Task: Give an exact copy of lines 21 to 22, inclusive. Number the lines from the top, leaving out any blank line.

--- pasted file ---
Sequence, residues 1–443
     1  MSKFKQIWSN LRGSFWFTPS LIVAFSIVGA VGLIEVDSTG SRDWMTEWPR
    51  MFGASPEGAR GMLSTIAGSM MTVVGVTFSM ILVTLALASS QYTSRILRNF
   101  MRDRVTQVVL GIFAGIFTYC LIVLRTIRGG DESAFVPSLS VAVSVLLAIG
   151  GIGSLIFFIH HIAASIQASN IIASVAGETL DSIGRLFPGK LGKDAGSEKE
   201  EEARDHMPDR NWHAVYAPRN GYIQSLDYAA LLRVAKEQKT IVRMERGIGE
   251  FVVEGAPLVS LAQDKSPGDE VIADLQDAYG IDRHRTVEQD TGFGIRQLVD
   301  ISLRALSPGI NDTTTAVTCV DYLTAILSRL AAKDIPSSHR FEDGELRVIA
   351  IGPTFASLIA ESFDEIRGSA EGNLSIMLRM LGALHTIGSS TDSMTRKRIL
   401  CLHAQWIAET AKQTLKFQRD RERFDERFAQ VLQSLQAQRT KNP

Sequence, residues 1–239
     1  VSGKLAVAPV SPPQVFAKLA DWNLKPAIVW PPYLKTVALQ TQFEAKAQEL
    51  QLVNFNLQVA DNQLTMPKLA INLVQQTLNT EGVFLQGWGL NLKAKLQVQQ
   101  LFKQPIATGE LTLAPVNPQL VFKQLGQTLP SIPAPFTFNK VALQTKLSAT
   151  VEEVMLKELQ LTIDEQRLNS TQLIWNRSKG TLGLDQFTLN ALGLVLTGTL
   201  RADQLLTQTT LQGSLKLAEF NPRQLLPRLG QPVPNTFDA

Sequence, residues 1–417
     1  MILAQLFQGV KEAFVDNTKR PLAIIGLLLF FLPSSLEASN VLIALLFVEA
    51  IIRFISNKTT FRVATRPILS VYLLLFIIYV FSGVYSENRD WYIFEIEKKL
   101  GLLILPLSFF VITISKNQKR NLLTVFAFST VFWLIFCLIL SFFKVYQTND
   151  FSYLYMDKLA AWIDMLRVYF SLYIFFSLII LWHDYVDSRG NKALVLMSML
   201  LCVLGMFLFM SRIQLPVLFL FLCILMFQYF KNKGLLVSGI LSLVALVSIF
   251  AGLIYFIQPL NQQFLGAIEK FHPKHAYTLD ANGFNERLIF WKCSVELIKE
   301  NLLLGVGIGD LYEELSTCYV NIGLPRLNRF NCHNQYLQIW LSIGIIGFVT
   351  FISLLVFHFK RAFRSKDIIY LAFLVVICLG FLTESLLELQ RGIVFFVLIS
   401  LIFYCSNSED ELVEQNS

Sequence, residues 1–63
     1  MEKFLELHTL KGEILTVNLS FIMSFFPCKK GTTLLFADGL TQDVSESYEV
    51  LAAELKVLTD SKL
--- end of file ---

   151  FSYLYMDKLA AWIDMLRVYF SLYIFFSLII LWHDYVDSRG NKALVLMSML
   201  LCVLGMFLFM SRIQLPVLFL FLCILMFQYF KNKGLLVSGI LSLVALVSIF